Then, in the 1960s, those policies gave way to new thinking. Canada began to welcome newcomers from all over the world, including people who were formerly legally discriminated against, like Canadian-born Asians who had long been barred from becoming pharmacists or architects under provincial laws governing the professions.
The official Canadian term for such people, according to the census, was “visible minorities.” In 1961, when I was twelve, less than one percent of Canadians fit that bureaucratic category, some of them the descendants of American slaves who were brought to Nova Scotia after the Revolution, others the children of Chinese railroad builders who never went back to China (though they were harshly encouraged to do so).
By 1981, under the new immigration rules, the percentage had increased to 4.7, and by 1991 it had reached 9.4. By the time of the 2016 census, the number had risen to 22.3 per cent, and that did not include the more than four per cent of my fellow citizens who are aboriginal people and are not, for arcane bureaucratic reasons, classified as “visible minorities.”
By 2031, visible minorities, almost all of them first- or second-generation immigrants, will account for a third of Canadians.
But at the same time we have been taking in people of all colors and cultures, we have not imposed a “melting pot” ethos on the newcomers. We are a multicultural society. We follow Rodney King’s advice: we all just get along.
Well, not quite all. We have our racists and reactionaries, most of them in rural settings where visible minority immigrants don’t tend to settle. And our record regarding aboriginal peoples leaves a lot to be desired, though we’re now finally making real efforts toward reconciliation.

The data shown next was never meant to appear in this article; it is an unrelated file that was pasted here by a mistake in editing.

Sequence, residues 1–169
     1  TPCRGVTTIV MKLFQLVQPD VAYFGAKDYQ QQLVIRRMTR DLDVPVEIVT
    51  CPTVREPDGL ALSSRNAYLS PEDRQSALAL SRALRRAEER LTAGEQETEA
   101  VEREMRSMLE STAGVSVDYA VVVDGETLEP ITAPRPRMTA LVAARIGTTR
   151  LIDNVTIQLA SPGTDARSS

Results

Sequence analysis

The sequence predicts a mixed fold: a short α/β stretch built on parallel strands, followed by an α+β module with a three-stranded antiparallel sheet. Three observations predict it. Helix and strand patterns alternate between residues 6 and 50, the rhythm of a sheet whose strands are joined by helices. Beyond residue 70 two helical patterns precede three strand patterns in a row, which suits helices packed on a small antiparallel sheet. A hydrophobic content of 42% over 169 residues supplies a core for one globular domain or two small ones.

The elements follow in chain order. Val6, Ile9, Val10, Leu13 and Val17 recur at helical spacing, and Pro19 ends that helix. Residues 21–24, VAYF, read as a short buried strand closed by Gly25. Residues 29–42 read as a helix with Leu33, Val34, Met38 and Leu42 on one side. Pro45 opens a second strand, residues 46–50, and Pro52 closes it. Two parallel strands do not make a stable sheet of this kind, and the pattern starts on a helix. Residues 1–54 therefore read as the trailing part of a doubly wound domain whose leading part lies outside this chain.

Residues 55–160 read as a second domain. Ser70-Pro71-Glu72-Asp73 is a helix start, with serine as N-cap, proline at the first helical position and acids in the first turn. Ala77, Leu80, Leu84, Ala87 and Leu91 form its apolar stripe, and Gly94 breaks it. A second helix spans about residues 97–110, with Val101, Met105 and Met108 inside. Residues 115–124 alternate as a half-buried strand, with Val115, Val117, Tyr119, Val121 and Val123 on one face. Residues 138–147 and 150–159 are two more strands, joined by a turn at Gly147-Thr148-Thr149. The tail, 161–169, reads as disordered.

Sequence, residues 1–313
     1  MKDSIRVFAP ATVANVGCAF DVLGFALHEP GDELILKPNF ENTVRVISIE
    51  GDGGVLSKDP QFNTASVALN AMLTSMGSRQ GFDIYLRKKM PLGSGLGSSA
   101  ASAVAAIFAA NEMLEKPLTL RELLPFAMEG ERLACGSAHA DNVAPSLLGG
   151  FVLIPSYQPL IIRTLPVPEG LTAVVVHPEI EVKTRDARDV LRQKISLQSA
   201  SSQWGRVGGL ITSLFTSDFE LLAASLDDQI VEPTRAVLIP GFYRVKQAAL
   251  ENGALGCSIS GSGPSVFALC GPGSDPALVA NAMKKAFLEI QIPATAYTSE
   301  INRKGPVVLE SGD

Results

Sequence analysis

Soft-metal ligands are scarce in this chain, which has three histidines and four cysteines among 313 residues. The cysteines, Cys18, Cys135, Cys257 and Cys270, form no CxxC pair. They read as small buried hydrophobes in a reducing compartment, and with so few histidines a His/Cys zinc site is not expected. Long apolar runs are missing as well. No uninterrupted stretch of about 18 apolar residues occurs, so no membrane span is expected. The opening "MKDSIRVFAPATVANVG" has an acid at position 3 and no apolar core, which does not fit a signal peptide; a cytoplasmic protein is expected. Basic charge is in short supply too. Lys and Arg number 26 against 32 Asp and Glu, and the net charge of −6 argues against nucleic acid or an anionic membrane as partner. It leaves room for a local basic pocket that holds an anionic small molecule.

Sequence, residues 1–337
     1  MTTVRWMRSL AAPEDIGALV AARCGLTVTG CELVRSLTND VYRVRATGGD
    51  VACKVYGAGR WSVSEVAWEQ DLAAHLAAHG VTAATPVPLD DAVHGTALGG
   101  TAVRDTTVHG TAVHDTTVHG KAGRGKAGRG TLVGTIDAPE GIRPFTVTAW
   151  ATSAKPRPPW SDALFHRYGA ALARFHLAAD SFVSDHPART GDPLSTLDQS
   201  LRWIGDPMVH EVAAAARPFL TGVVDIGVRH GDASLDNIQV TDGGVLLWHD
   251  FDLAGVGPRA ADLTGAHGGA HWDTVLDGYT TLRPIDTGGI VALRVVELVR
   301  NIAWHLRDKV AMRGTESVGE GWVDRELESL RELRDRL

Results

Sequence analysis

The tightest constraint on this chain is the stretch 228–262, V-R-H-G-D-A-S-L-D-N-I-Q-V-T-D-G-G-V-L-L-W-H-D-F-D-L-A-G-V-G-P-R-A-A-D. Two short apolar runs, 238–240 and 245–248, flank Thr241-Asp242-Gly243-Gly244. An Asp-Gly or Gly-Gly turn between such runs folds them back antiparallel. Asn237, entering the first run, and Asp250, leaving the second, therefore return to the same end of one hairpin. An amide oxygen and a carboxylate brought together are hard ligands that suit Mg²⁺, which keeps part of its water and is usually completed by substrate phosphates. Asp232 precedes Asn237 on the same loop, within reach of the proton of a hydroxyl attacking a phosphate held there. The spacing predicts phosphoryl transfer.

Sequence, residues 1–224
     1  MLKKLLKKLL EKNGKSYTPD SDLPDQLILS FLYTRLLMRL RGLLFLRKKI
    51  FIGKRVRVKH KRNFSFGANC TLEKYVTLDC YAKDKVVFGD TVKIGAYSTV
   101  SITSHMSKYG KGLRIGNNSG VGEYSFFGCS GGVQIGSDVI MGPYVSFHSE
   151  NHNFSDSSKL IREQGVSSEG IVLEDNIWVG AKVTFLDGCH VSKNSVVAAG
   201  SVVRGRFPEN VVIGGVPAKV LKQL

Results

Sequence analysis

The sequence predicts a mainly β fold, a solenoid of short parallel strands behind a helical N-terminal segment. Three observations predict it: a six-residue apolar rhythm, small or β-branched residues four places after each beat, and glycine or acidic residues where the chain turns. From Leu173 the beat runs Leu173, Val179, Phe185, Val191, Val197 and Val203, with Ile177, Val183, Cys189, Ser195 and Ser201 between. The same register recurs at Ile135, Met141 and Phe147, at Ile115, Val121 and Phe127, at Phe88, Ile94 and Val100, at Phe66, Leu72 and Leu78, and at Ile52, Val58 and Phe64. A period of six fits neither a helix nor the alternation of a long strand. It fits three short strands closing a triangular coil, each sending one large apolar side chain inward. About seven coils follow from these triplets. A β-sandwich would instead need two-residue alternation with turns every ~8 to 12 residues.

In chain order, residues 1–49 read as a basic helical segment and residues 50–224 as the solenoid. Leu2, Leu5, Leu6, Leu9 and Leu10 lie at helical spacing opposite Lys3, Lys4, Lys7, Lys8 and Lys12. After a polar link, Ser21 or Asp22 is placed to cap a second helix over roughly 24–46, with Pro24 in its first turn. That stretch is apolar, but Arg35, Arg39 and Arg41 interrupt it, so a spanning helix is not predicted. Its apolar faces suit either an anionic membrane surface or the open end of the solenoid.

But here’s the thing: there is no established political party in Canada that opposes immigration and multiculturalism. Recently, a Conservative Member of Parliament left his party and tried to start one. His “People’s Party” ran candidates in October’s federal election – and was roundly rejected by the people, attracting a paltry 1.6 percent of the nation’s votes. Their defector/leader lost his seat.
So, in my lifetime, since washing up on Canada’s shores, I have seen my country evolve from whites-only to all-are-welcome. We have grown no ghettos; yes, first-generation immigrants tend to settle in neighborhoods where the neighbors look like them, but their children spread out and live among the rest of us. Intermarriage is too common to be remarked upon. There is no National Front in Canada, no Know-Nothing Party. No Stephen Miller would ever rise to a position of power here.
That is the one of the big lessons of my life, and it’s the idea I have sought to express in What the Wind Brings. Without beating a drum or ladling in infodumps, I wanted the reader to come away with an understanding that diversity is strength, that we succeed by finding ways to all get along and by looking out for each other.
These days, it’s a timely lesson.